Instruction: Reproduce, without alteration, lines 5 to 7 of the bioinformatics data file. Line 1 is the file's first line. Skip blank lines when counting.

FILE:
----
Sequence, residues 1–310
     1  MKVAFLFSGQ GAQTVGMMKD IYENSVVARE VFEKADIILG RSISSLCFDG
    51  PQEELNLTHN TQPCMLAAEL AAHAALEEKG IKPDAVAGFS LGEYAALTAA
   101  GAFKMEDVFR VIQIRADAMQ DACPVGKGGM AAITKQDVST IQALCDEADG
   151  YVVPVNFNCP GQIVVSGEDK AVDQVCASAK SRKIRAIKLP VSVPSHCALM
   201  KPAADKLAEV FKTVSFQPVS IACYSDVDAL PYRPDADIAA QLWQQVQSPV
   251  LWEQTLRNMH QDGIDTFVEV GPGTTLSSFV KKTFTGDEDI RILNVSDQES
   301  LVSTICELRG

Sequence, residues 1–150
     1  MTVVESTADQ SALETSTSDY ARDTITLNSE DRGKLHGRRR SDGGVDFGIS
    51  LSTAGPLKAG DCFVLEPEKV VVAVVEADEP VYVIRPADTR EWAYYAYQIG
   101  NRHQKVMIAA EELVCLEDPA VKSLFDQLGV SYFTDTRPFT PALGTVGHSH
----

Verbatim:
   151  YVVPVNFNCP GQIVVSGEDK AVDQVCASAK SRKIRAIKLP VSVPSHCALM
   201  KPAADKLAEV FKTVSFQPVS IACYSDVDAL PYRPDADIAA QLWQQVQSPV
   251  LWEQTLRNMH QDGIDTFVEV GPGTTLSSFV KKTFTGDEDI RILNVSDQES